The potato isn't inherently bad, and, really, it shouldn't be treated as such.
Yes, it's often smothered in cheese, mixed up with mayo, doused in sour cream or deep-fried -- but when it isn't is when the potato truly shines. In its purest, most potato-y (and perhaps organic) form, it actually packs some very real health perks. Here are five very good reasons to love potatoes.
They're loaded with potassium.
One large spud baked with the skin on contains a whopping 1,600 milligrams of potassium, nearly half the recommended amount for an entire day and almost four times as much as a medium banana, famed for its potassium count. Not only is it an essential electrolyte key to hydration and athletic performance, potassium may also play a role in lowering blood pressure.
Potatoes are packed with fiber.
If you eat the skin, at least. That same large spud contains 7 grams of dietary fiber, about a quarter of what you should aim for in a day -- but without the skin that fiber count drops to just 1 gram. A diet rich in fiber will not only help you stay fuller for longer (thereby leading to less snacking), it's also been shown to reduce heart attack risk, lower cholesterol and help prevent diabetes.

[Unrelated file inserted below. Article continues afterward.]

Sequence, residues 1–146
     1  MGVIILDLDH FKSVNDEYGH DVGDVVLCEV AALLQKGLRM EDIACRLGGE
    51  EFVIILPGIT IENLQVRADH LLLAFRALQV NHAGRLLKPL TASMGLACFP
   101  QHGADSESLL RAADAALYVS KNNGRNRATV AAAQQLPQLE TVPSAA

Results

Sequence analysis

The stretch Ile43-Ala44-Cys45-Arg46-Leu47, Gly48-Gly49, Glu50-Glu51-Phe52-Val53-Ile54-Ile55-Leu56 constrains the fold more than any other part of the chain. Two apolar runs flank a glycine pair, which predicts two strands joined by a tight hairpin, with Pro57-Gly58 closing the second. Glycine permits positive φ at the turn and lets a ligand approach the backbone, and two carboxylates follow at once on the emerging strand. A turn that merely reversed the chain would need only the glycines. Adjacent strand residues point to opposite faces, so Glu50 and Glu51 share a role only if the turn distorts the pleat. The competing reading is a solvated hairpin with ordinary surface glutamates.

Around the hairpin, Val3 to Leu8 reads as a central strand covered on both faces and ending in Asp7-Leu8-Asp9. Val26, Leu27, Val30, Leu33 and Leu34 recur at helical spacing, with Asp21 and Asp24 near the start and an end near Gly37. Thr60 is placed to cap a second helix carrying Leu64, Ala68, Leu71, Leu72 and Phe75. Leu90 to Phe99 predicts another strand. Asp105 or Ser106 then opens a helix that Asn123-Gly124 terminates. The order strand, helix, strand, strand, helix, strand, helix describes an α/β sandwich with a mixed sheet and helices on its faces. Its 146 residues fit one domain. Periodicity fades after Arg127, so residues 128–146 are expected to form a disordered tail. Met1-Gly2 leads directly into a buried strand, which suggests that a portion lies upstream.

They've got a hearty dose of vitamin C.
Also in the skin of your potato is a solid amount of vitamin C -- you'll nab nearly 29 milligrams of the stuff in a large tater, to be exact, nearly half of your goal for the day, and more than a third of the amount found in famed vitamin C deliverer, the orange. While getting enough C probably won't nip a cold in the bud, it plays an important role as an antioxidant and helps heal wounds.
Potatoes are a good source of manganese.
You might be less familiar with this nutrient, but that doesn't mean you don't need it. Manganese plays an essential role in processing protein, carbs and cholesterol and may also be involved in bone formation, according to WebMD. One large potato with the skin on contains 33 percent of your recommended daily amount of manganese.
And they're rich in vitamin B6.
This vitamin does much of its work "behind the scenes," American Dietetic Association spokesperson Dee Sandquist, MS, RD, CD, told Everyday Health, but it's working hard, in the cardiovascular, digestive, immune, muscular and nervous systems. It also produces essential brain hormones, the website reported. With 46 percent of your daily recommended B6, a potato (with the skin!) is a good place to start.